Diauxic growth is a diphasic growth represented by two growth curves intervened by a short lag phase produced by an organism utilizing two different substrates. The diauxic growth curve – Homework assignment. Next session we will try to reproduce the famous diauxic growth curve experiment first performed by Jacques. as a function of time and observe the diauxic growth pattern (Fig 1A) that was first . tion of glucose in each culture filtrate and the glucose standard curve for the.

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Enzyme Induction is still considered a form of negative control because the effect of the regulatory molecule the active repressor is to decrease or downregulate the rate of transcription. Catabolite repression is a type of positive control of transcriptionsince a regulatory protein affects an increase upregulation in the rate of transcription of an operon.

The process trowth discovered in E. The discovery was made during study of the regulation of lac operon in E. Since glucose is degraded by constitutive enzymes and lactose is initially degraded by inducible enzymes, what would happen if the bacterium was grown in limiting amounts of glucose and lactose?

A plot of the bacterial growth rate resulted in a diauxic growth curve which showed two distinct growht of active growth Figure 9. During the first phase of exponential growth, the bacteria utilize glucose as a source of energy until all the glucose is exhausted.


Then, after a secondary grlwth phase, the lactose is utilized during a second stage of exponential growth.

The Diauxic Growth Curve of E. During the period of glucose utilization, lactose is not utilized because the cells are unable to transport and cleave the disaccharide lactose. Glucose is always metabolized first in preference to other sugars.

Regulation of Bacterial Metabolism

Only after glucose is completely utilized is lactose degraded. The lactose operon is repressed even though lactose the inducer is present. The ecological rationale is that glucose is a better source of energy than lactose since its utilization requires two less enzymes.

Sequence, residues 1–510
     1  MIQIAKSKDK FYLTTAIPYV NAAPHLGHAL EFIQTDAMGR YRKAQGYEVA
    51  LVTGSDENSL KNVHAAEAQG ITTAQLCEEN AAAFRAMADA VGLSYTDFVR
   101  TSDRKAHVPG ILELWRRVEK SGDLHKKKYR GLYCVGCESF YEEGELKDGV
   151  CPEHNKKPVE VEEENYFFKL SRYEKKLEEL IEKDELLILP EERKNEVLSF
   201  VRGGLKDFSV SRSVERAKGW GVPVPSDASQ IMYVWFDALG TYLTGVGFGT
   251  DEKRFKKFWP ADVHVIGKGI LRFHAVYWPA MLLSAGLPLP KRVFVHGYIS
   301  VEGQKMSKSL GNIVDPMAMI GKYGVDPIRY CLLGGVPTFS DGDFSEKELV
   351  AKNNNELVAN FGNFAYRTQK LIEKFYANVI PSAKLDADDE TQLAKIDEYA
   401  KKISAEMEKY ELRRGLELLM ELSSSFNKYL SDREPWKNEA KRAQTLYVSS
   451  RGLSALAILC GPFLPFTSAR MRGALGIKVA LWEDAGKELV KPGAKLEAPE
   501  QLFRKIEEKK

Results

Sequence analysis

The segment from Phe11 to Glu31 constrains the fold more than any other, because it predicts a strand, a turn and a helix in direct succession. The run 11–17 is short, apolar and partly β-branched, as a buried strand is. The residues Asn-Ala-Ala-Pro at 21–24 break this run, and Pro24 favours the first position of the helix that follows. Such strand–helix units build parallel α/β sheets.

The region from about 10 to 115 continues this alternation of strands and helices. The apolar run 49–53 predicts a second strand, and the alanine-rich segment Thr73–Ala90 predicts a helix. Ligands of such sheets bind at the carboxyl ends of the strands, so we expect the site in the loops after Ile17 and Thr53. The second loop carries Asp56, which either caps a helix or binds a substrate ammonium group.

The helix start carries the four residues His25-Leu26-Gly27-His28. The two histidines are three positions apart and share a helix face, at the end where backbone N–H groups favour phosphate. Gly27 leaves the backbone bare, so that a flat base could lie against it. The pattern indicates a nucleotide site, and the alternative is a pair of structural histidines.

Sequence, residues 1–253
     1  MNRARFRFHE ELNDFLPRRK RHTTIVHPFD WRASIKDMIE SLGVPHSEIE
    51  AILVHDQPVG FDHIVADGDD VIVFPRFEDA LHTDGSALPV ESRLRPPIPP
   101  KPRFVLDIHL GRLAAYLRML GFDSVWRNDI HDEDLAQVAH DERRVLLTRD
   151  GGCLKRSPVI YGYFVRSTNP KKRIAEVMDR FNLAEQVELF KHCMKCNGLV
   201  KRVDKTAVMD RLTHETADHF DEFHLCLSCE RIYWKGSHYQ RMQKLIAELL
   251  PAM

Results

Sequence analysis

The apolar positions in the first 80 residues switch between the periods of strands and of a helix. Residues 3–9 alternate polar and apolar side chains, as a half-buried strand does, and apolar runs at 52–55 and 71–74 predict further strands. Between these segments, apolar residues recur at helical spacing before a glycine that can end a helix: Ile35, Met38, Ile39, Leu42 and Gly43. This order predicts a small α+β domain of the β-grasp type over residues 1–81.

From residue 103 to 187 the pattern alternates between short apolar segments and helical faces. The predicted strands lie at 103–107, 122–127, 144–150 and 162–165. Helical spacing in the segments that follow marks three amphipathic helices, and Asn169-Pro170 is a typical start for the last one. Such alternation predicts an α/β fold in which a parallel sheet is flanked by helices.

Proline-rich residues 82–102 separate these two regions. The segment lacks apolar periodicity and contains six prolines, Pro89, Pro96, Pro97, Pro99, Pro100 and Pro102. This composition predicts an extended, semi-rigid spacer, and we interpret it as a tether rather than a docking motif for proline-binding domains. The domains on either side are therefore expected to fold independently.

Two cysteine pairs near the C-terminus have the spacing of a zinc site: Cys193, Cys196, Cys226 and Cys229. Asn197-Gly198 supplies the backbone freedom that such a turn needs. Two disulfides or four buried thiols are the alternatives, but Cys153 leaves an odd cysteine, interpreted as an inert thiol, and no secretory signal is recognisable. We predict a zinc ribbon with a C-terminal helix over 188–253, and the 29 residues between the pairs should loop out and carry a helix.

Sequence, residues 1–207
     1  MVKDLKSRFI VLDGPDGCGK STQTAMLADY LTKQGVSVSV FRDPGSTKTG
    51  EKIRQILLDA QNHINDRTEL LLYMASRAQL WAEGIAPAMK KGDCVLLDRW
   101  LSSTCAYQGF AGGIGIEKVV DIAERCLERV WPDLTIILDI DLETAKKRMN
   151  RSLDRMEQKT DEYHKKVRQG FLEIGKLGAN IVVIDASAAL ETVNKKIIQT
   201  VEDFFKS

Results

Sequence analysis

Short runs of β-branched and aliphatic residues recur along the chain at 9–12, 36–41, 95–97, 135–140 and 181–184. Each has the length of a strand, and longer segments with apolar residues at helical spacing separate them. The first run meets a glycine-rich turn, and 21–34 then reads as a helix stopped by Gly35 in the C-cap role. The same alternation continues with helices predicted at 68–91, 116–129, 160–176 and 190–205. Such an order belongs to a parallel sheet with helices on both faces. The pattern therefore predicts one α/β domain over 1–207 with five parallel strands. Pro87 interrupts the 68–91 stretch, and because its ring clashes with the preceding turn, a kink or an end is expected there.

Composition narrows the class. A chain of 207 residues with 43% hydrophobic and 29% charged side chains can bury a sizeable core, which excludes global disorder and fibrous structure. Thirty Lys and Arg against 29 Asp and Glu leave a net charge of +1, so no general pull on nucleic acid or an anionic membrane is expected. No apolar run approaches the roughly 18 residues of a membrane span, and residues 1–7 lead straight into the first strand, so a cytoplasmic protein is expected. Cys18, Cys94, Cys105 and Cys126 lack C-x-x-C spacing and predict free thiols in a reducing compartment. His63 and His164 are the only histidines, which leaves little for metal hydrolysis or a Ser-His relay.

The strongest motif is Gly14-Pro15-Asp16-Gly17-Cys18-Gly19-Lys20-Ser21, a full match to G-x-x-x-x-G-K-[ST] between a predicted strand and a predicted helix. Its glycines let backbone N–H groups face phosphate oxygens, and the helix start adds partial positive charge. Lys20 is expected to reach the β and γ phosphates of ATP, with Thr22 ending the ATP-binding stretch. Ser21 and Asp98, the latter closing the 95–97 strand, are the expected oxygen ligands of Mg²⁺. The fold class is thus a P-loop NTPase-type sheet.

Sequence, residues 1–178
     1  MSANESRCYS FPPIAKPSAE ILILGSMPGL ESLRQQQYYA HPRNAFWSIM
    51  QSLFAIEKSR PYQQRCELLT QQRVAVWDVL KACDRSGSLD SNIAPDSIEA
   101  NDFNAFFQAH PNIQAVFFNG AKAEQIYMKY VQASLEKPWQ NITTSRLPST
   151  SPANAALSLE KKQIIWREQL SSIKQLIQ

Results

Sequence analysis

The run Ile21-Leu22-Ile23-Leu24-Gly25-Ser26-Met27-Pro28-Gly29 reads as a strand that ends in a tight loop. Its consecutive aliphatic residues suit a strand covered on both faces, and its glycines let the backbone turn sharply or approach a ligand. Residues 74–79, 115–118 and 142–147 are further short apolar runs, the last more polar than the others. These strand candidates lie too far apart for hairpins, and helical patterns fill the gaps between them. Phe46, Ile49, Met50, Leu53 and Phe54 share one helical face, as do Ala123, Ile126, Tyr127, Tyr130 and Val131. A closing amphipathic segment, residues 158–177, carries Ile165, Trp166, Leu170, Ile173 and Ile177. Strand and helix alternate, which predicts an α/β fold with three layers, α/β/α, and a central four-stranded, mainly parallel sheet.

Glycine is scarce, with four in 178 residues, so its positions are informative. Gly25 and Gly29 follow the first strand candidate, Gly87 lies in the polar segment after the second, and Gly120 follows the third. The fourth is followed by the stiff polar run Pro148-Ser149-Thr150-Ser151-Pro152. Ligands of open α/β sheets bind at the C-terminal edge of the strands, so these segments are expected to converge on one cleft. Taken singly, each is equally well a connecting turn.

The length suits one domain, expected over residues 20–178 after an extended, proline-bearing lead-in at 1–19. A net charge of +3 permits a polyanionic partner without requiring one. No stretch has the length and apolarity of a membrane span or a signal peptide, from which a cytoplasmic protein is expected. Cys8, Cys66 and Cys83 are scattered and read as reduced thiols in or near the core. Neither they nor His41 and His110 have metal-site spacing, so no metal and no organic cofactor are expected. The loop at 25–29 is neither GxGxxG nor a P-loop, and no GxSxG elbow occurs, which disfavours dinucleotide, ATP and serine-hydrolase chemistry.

Only after glucose is exhausted are the enzymes for lactose utilization synthesized. The secondary lag during diauxic growth represents the time required for the duauxic induction of the lac operon and synthesis of the enzymes necessary for lactose utilization lactose permease and beta-galactosidase.

Only then does bacterial growth occur at the expense of lactose. Since the availability of glucose represses the enzymes for lactose utilizationthis type of repression became known as catabolite repression or the glucose effect.

Types of Growth that Take Place in Bacteria

Glucose is known to repress a large number of inducible enzymes in many different bacteria. Glucose represses the induction of inducible operons by inhibiting the synthesis of cyclic AMP cAMPa nucleotide that is required for the initiation of transcription of a large number of inducible enzyme systems frowth the lac operon. The role of cyclic a cAMP is complicated. Thus, to efficiently promote gene transcription of the lac operon, not only must lactose be present to inactivate the lac repressor, but cAMP must be available to bind to CAP which binds to DNA to facilitate transcription.


In the presence of glucoseadenylate cyclase AC activity is blocked. Many positively controlled promoters, such as the lac promoter, are not fully functional in the presence of RNAp alone and require activation by CAP. CAP is encoded by a separate Regulatory gene, and is present in constitutive levels. cufve

Positive control of the lac operon is illustrated in Figure Catabolite repression is positive control of the lac operon. The effect cutve an increase in the rate of transcription.

In this case, the CAP cjrve is activated by cAMP to bind to the lac operon and facilitate the binding of RNA polymerase to the promoter to transcribe the genes for lactose utilization. As a form of catabolite repression, the glucose effect serves a useful function in bacteria: For many bacteria, glucose is the most common and readily utilizable substrate for growth. Thus, it inhibits indirectly the synthesis of enzymes that cyrve poorer sources of energy.